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What the box office doesn't say about America

To the editor: When Jonah Goldberg says, "The left may be anti-military," I am not sure if he is saying that is a possibility or that we liberals are in fact that way. ("Hollywood, where liberal values reign -- except at the box office," Op-Ed, July 7)

I can say that this liberal is not anti-military but anti-military adventurism. I do not support sending our men and women in the military into harm's way for dubious reasons colored by jingoism. I would suggest this is pro-military.

Goldberg then questions liberals' commitment to family values. Certainly I don't value them when they come with the quotation marks suggesting slavish obedience to the way it used to be. We liberals are in fact members of families whose happiness and, yes, morals we value.

In the real world, families are complex entities, and how they strive to find the right answers to life's problems and questions needs to be managed with 21st century thinking, not slogans.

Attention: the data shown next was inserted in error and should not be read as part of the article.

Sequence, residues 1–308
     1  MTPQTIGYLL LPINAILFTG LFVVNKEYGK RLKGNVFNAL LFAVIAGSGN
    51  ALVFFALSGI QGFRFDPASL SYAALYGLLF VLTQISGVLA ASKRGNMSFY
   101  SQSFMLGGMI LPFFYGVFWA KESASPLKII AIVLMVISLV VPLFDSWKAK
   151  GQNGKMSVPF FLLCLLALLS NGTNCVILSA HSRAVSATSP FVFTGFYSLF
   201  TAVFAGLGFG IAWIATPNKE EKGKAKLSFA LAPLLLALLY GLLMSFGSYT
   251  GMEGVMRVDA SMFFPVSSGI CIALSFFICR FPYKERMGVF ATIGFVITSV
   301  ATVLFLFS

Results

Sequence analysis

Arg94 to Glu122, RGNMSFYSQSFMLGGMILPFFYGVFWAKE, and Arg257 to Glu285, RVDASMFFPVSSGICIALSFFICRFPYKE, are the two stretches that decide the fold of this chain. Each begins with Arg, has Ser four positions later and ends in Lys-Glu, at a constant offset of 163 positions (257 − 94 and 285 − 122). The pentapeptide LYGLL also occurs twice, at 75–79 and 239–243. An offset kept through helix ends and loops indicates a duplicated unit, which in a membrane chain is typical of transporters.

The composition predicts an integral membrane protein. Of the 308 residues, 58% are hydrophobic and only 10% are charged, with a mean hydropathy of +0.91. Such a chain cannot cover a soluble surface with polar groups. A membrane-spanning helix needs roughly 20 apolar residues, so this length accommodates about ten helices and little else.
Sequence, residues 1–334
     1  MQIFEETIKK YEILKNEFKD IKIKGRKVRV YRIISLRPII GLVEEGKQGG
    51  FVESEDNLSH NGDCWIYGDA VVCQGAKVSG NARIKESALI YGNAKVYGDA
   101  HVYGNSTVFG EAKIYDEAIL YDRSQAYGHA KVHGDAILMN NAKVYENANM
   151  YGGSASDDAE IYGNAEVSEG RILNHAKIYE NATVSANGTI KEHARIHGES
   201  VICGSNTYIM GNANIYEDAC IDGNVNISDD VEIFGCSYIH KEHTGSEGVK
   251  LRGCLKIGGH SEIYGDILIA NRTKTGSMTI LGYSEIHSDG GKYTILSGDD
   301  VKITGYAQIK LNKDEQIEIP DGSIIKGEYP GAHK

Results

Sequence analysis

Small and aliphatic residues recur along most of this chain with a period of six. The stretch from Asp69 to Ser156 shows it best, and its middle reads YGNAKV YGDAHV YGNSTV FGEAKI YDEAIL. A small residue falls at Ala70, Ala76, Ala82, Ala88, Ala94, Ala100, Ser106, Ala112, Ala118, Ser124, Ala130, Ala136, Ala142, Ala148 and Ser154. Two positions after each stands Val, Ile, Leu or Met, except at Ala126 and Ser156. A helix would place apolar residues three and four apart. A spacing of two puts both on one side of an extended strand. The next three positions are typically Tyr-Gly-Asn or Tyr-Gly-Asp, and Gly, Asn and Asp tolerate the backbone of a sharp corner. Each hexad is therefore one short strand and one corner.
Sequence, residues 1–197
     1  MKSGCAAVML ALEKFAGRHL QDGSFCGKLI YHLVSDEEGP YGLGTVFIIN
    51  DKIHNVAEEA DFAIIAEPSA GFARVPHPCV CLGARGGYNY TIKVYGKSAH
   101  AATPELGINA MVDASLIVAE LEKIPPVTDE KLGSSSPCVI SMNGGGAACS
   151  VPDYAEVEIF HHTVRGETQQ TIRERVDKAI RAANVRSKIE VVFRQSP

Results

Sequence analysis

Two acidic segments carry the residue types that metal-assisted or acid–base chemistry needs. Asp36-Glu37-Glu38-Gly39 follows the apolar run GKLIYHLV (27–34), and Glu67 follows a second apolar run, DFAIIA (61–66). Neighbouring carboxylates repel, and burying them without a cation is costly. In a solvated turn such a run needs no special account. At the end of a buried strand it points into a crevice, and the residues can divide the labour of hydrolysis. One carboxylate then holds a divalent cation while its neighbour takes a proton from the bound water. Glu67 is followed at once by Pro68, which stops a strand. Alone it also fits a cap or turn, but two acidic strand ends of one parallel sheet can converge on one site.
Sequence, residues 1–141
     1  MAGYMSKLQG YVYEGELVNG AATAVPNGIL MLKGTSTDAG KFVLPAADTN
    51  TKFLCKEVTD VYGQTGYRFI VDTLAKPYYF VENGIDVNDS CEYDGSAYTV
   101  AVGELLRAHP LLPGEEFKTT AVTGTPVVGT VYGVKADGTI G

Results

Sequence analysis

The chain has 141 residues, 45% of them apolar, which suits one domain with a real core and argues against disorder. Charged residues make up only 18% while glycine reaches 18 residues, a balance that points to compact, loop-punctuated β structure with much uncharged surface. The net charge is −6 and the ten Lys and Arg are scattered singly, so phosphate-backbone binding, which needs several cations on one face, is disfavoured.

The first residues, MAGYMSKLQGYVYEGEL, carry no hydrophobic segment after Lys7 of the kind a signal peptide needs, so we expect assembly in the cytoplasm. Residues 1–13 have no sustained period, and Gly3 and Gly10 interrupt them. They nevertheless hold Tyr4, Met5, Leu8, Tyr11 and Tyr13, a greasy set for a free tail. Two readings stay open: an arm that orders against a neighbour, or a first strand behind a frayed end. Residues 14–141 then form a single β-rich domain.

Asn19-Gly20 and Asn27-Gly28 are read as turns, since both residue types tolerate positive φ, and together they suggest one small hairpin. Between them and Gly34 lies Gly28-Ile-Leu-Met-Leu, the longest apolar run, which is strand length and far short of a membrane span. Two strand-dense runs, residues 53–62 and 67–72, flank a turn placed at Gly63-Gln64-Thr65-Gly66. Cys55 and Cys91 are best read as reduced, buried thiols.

Bill Elmelund, Los Angeles


To the editor: After years of watching films and TV shows about young women who contemplate abortion but instead choose to give birth, I found "Obvious Child" to be a refreshingly brave film for depicting a young woman who isn't ready for motherhood choosing to terminate a pregnancy, a choice that many real-life women make every day.

Goldberg says that the film's disappointing box-office numbers are evidence of Americans being more conservative than Hollywood. I would suggest that "Obvious Child" was hindered more by a lousy ad campaign, which didn't prompt me to see the film. Rather, I was persuaded by the favorable reviews.

The majority of Americans support a woman's right to make reproductive choices at least some of the time. The fact that most people are missing out on "Obvious Child" doesn't diminish this fact

Clifford J. Tasner, North Hollywood

Copyright © 2015, Los Angeles Times
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